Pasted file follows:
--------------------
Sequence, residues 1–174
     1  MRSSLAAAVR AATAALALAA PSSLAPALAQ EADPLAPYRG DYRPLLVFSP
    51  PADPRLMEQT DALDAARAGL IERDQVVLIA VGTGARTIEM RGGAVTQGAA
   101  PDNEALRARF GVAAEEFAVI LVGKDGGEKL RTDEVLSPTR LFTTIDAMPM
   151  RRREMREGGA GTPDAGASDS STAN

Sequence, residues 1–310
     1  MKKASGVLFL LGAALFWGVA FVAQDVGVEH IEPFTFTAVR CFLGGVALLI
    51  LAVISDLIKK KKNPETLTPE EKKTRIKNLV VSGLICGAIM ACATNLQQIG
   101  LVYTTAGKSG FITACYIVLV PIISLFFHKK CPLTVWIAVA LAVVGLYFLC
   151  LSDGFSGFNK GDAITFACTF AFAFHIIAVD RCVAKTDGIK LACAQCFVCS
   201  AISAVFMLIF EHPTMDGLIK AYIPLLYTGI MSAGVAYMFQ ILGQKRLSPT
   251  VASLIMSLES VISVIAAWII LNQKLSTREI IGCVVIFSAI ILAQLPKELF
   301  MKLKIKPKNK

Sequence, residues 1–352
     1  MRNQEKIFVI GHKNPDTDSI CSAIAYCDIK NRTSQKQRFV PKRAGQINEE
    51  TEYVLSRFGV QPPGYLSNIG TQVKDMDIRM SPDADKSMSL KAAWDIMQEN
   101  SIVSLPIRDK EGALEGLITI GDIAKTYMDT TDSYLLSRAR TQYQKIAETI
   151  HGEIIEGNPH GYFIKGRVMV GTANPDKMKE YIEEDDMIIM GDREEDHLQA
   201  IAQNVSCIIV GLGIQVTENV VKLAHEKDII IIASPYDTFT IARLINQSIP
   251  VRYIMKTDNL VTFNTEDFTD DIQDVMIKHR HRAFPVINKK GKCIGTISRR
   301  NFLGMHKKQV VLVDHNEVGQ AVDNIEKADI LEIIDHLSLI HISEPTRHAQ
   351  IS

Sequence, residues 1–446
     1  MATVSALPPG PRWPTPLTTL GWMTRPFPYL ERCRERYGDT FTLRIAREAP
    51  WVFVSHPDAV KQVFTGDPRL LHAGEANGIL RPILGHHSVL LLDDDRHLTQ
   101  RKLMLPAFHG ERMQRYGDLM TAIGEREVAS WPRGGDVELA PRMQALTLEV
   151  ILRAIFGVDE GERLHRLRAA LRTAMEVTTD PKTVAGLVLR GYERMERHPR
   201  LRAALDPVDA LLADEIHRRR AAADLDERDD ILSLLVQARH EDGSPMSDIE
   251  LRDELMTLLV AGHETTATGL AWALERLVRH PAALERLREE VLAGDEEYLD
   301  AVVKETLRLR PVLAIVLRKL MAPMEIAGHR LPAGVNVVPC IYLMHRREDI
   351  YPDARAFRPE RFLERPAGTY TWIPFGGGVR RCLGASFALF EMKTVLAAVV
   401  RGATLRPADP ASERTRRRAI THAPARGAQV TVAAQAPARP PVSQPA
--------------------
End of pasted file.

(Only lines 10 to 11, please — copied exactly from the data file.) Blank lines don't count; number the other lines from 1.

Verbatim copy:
   151  LSDGFSGFNK GDAITFACTF AFAFHIIAVD RCVAKTDGIK LACAQCFVCS
   201  AISAVFMLIF EHPTMDGLIK AYIPLLYTGI MSAGVAYMFQ ILGQKRLSPT